Noel Whittaker answers your money questions

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What is and isn’t assessed when claiming an Age Pension can be confusing. Should you stop worrying and just spend what you have? Finance expert Noel Whittaker has his say.

Selling the family farm

Q. Paul
I was wondering if I sell my property (which is a farm) to my son and become the vendor financier, would the property be considered an asset or would I just be assessed on the interest received as income? Hence, I would receive a lower Age Pension, but would have pensioner benefits.

A. Once you do that you will be assessed as a non-homeowner but the loan would be treated as a deprived asset and be subject to deeming. Make sure you take advice – once farms are involved it can become complex.

Save it or spend it?

Q. Genevieve
I have had a fragmented work history, so have saved little for my retirement – just $55,000 in super and about $5000 in cash. I believe I will get an Age Pension, so is there any point in me hoarding these savings? Should I treat my self to a bucket list trip instead? Let’s face it, none of us know what’s ahead!

A. Based on the information supplied it will certainly qualify for full Age Pension – I would not be against you having some treats, as long as you keep some cash for emergencies.

Noel Whittaker is the author of Making Money Made Simple and numerous other books on personal finance. His advice is general in nature and readers should seek their own professional advice before making any financial decisions.

Do you have a question you’d like Noel to tackle? Email us at [email protected]

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Noel Whittaker answers your money questions

We've turned to finance expert Noel Whittaker to answer your money questions.

Noel Whittaker answers your money questions

Should James put his money in super or keep it invested in property?

Written by Noel Whittaker

6 Comments

Total Comments: 6
  1. 0
    0

    Yep – good one Noel.

    Genevieve does not say she owns her own home – so that critical info is missing in the response about her blowing money on treats.

    Funny thing about money and your personal view on one’s longevity – a female at 67 is statistically likely to live until 87 – but we take the view we won’t live that long – and so we consume what little resources we have – bugger tomorrow.

    Genevieve could live for over 20 years on the pension – so she takes the risk – spend now and have fewer resources and a poorer lifestyle in the future – or eek it out over 20 years and maybe have a better lifestyle – and a more significant buffer for emergencies and home repairs if she owns one.

    Spending a small reserve is OK if you die early – possibly sad if you don’t – and you likely end up whinging about the pension not being sufficient on sites like this one.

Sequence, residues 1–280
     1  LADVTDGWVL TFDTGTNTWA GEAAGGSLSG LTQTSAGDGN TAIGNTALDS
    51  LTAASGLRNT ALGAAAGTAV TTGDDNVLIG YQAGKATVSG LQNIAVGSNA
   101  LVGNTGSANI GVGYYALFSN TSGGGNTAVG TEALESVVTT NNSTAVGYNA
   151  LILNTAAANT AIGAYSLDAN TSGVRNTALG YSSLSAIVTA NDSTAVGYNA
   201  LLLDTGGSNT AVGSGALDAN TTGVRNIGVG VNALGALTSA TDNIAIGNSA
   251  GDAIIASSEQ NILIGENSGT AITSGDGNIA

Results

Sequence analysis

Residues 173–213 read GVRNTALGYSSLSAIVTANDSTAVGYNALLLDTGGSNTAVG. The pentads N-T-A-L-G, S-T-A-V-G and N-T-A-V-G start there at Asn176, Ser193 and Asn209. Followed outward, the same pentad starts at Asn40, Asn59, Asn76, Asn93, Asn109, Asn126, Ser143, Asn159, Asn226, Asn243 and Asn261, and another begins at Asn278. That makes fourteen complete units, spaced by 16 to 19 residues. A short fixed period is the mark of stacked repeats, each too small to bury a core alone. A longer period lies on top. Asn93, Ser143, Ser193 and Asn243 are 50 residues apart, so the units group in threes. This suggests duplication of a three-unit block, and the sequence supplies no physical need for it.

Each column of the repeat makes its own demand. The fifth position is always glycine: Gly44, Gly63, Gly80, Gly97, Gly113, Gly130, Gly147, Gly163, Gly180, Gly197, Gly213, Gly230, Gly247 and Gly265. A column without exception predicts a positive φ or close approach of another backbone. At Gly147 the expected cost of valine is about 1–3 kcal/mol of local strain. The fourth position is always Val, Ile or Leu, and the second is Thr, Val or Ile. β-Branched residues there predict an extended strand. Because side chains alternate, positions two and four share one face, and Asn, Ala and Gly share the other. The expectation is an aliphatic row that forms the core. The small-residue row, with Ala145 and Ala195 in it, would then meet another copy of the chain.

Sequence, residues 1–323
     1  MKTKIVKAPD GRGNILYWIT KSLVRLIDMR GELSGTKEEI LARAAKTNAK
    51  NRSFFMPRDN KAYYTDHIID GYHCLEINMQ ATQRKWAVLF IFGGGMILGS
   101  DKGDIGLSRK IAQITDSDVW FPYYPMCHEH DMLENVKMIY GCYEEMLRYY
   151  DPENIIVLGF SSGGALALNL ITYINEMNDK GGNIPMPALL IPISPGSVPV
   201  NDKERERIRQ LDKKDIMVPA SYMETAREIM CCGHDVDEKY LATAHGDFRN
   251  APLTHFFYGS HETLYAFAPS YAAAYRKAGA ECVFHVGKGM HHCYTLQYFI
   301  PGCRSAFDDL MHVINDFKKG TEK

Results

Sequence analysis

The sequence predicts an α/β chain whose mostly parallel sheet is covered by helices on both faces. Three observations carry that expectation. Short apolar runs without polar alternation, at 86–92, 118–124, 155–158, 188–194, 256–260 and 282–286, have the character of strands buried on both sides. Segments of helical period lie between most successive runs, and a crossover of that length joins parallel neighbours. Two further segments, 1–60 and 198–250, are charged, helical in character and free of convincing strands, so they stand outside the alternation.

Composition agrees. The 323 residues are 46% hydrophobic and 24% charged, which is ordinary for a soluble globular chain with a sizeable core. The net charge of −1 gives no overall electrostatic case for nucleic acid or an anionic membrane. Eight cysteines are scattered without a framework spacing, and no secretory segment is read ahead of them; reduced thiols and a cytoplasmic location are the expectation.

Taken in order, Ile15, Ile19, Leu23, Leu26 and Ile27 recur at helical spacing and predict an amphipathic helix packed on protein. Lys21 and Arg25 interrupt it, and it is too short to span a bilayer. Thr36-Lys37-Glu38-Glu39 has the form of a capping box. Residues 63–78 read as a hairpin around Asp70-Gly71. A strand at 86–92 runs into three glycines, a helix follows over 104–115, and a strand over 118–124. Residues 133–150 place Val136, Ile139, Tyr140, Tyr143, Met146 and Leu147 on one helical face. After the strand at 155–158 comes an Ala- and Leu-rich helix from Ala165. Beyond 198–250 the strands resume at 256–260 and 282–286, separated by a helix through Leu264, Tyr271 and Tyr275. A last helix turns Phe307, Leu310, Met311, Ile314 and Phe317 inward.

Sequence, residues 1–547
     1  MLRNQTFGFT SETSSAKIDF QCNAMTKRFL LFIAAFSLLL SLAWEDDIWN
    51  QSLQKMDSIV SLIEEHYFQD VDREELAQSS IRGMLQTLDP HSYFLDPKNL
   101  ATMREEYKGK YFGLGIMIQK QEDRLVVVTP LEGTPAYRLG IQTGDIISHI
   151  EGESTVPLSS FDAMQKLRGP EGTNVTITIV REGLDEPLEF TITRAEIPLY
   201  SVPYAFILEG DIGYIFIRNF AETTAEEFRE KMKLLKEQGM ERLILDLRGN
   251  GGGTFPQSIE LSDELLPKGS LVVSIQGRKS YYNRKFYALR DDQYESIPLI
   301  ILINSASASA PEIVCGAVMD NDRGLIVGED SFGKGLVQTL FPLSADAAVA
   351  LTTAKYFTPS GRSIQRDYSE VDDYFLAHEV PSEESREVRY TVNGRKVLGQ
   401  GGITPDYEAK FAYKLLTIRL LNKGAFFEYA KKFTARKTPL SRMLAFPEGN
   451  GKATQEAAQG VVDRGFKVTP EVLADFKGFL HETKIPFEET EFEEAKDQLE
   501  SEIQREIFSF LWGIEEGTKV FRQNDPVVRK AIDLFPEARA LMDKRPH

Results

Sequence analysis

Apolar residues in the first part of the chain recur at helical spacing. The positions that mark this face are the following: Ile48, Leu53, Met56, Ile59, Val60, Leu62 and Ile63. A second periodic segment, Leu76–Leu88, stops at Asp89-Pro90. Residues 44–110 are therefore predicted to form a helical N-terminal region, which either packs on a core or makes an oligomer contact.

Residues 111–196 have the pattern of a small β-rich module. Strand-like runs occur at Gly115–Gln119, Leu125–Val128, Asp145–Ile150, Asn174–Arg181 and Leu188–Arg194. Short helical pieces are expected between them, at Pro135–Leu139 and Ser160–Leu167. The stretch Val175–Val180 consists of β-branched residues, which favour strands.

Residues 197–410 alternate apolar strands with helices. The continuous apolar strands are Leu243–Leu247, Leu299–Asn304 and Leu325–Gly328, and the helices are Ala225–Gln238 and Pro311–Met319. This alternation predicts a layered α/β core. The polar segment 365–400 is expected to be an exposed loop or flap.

2. 0
    0

    I have heard a few people say “you know you’ve planned well when your last cheque bounces” he he.
    My personal view is that when one considers how cash flow is produced, that is to say by labour or capital invested. There is a greater importance for the preservation of some capital as we age.

    • 0
      0

      Frank I disagree. You should crossed off your bucket list as soon as you can as you will live to regret it if you leave it until you can’t.

    • 0
      0

      I agree Frank – you need to preserve some capital. Let’s say you keep $10K as a buffer in this Genevieve person’s case -it would give you roughly $2.5K per year more to spend over 20 years.

      That is not a huge amount – but makes the difference between a bus trip somewhere (not too far) in Australia if you are just using the pension – OR – a small OS holiday at least once every couple of years in your early retirement years – and a buffer for health issues or whatever later (or sooner).

      The biggest issue I see on this site is that people don’t have the savings buffer in their pension retirement – and suffer accordingly.

      It’s unfortunate – but you can’t have your savings cake and eat it – it’s just a sad fact of planning your life.

    • 0
      0

      Old Geezer, I’m just saying there are only two ways to make money. A person’s lifestyle should be based around only 80-90% of their income throughout their life. Sadly for many of us we realise this far too late in life. Whether a retirees wealth is $10,000 or $10,000,000 the question remains the same. Why should someone with $10,000 be better off spending the lot? While the advice given to the wealthier retiree is to preserve some capital?
      I agree with Noel Whittaker and Reasons.
      However, I also agree with your view on crossing off the bucket list. The “make a wish foundation” is one organisation making a difference in that regard, where people whose lives are tragically cut short and are without means to fulfil dreams.
      I started crossing off my bucket list in my twenties. I’ve had a wonderful life. Done more than I thought I was capable of achieving and have just started another project.

  3. 0
    0

    The advice to Genevieve is sound and is applicable to anyone with liquid assets wanting a “treat” (and most people reading this are OLD enough to qualify for a WELL DESERVED treat, whatever it is!), and who want to receive their ENTITLEMENT to at least a “bit” of the Age Pension by spending their money to lower their assets on that treat to better qualify for your RIGHTFUL government assistance. In plain “pensioner speak”, spend up to reduce your assets AND advise Centrelink (NOT Human Services, as they are now referred to, as they do not qualify for either word in most cases) of your depleted assets WHENEVER they go down so you can increase your Age Pension accordingly. Enjoy!


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